Opposing offenses have scored 15 touchdowns on 19 red zone possessions.
6 – Up for grabs?
Kirk Cousins has six 4,000-yard passing seasons in his career and is on pace to reach that plateau again this season with just about 2,000 yards passing this year at the season's midway point. But his passer rating of 89.5 is the lowest single-season rating of any year in which he has made eight or more starts.
Cousins has done a pretty good job at protecting the football, but his six interceptions this season have all come on downfield passes. According to NextGen Stats his six picks have been on passes of 10-plus air yards. It's the fourth-highest interception total this season on downfield passes.
"A lot of those interceptions were early on," said Bercich. "A lot of them were really bad throws. Cousins has had a few of those. Cousins doesn't make it up as he goes. He executes the call. He's a three-step drop and throw the ball guy. If he doesn't see things unfold properly then things can get a little crazy.
"The interception he threw against the Commanders last week is a perfect example. The play before he had a delay of game and he's visibly frustrated. And then the next ball is a 50-50 ball to the corner, and it gets tipped and intercepted. He'll throw more 50-50 balls to Jefferson, but he has left some meat on the bone because he hasn't mastered all the nuances of this new offensive system. But he's not a guy who improvises or makes it up as he goes."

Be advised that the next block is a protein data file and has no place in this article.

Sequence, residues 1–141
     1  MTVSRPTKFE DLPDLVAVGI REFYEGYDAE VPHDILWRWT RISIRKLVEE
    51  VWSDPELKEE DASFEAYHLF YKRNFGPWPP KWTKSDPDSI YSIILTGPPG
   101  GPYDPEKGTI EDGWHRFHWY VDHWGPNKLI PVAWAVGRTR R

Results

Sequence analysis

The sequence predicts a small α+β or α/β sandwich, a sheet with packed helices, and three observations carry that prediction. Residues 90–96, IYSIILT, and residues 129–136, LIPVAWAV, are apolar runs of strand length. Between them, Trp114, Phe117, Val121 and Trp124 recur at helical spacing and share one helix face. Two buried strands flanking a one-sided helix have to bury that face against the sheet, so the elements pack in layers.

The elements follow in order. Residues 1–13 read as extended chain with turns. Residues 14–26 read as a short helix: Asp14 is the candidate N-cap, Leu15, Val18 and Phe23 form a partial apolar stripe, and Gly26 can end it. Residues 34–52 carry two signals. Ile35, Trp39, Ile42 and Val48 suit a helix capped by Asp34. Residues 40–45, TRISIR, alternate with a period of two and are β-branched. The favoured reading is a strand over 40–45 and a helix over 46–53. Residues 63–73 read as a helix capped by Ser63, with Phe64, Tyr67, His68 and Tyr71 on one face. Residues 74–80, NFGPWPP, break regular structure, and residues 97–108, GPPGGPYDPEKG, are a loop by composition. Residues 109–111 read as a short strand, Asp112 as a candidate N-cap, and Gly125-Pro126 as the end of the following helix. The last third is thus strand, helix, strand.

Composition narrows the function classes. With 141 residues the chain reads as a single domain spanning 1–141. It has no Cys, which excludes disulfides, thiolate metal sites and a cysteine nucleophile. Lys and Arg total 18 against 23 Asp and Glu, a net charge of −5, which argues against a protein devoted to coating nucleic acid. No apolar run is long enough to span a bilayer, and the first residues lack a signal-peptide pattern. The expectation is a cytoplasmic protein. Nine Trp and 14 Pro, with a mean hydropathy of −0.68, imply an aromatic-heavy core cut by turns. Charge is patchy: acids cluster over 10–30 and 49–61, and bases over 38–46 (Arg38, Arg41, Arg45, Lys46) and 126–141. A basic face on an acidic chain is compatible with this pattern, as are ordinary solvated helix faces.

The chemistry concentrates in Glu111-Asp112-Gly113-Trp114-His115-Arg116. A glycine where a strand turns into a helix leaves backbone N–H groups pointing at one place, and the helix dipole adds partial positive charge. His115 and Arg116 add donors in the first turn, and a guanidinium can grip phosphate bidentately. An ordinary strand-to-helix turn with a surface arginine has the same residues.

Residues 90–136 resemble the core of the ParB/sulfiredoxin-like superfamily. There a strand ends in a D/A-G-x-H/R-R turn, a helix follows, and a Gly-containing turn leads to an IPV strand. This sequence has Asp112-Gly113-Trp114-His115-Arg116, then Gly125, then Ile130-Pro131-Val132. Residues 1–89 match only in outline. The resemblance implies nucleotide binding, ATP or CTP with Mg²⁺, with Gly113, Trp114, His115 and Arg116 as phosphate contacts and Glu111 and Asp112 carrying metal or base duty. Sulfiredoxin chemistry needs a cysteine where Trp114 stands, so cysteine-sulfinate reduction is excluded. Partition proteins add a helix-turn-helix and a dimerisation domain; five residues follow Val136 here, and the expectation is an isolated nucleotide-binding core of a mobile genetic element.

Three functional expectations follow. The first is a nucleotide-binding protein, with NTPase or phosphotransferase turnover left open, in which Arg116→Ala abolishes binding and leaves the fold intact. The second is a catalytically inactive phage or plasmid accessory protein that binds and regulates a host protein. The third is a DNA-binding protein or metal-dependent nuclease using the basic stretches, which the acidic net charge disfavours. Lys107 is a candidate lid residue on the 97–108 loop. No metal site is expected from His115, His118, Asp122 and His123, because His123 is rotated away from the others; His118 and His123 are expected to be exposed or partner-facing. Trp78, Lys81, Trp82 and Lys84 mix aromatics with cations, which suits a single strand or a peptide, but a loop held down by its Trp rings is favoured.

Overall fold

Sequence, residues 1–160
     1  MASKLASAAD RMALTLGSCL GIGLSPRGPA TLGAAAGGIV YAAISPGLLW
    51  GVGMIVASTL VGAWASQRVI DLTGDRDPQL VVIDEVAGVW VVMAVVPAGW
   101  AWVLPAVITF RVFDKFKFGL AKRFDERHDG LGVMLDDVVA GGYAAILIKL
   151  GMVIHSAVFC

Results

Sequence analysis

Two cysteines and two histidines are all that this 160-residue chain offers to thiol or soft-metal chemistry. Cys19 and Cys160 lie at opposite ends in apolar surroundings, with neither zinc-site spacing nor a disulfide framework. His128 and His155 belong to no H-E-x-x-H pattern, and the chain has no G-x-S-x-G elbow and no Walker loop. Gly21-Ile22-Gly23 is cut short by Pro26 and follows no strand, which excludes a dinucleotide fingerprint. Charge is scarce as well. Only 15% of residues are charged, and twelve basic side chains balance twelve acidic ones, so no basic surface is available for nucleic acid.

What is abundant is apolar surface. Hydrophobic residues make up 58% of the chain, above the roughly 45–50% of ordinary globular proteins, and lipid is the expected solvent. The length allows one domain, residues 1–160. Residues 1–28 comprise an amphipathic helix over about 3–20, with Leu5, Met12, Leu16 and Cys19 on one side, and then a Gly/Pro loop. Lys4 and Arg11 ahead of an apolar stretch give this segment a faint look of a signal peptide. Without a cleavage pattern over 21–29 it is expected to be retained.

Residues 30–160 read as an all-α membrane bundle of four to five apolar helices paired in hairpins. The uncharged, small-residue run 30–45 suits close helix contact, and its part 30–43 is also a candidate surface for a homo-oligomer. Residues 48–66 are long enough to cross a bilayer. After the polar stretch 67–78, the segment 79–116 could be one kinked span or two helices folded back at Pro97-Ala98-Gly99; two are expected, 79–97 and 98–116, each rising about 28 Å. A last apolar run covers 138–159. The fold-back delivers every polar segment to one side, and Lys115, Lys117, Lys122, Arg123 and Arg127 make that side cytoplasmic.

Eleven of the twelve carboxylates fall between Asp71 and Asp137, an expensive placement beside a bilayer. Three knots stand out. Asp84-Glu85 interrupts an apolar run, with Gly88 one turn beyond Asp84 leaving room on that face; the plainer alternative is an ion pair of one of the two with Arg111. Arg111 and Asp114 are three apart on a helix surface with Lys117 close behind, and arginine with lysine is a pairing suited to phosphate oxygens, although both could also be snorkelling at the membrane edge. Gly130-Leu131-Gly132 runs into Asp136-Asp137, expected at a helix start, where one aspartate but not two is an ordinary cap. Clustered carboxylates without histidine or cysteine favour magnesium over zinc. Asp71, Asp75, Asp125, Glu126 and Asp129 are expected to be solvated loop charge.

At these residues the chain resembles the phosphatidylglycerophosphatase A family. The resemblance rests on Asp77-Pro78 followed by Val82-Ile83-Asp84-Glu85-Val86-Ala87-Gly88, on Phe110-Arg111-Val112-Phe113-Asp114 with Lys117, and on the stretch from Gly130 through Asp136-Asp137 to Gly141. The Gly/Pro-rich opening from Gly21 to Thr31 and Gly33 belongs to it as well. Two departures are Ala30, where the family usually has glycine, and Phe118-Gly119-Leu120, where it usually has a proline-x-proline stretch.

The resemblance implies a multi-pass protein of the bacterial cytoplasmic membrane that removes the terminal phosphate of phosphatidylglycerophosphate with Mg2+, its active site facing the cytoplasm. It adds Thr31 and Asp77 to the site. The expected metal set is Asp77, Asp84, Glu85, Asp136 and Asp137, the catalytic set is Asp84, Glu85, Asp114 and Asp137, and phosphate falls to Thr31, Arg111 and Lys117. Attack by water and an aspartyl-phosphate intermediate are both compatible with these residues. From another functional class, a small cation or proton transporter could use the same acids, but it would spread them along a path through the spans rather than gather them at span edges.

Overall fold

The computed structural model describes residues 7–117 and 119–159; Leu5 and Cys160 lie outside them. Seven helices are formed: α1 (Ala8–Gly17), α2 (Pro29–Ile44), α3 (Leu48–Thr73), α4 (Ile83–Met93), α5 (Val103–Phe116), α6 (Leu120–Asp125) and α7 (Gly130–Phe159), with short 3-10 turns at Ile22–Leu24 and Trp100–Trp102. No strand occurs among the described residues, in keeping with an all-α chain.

Whether Buffalo's pass rush can create those kinds of interception opportunities for the Bills secondary remains to be seen, but the Bills have forced the fourth-most turnovers this season with 15.
7 – Sack tandem
The Bills may have the biggest name in the pass rush game in Von Miller, but Minnesota free agent signee Za'Darius Smith has been a productive performer through the first half of his first season with the Vikings.
Tied for second in the league in sacks with 8.5, Smith has been a terror off the edge for Minnesota. His fast start has pulled attention away from veteran edge rusher Danielle Hunter on the other side and now he's beginning to produce as well.
"It was kind of a slow roll for Danielle," said Vikings sideline reporter Ben Leber on the ‘Bills by the Numbers’ podcast this week. "We were openly wondering if he wasn't up to speed not too long ago and if this scheme fit him. I think the defensive staff is figuring him out more. You'll see him with his hand on the ground more in this new 3-4 scheme. He's moving around the line of scrimmage more too. They'll flip him to the right side more, so it's about him understanding his role more. Their effectiveness has reduced the need for the Vikings to blitz much at all."
Minnesota's defense ranks sixth in the league in pressure rate (30.7%) and ninth in sack rate (8%). Smith, who was named NFC Defensive Player of the Month for October, ranks third in the league with a pressure rate of 16.6 percent.
In the last three games, Smith and Hunter have combined for eight sacks and 16 quarterback hits.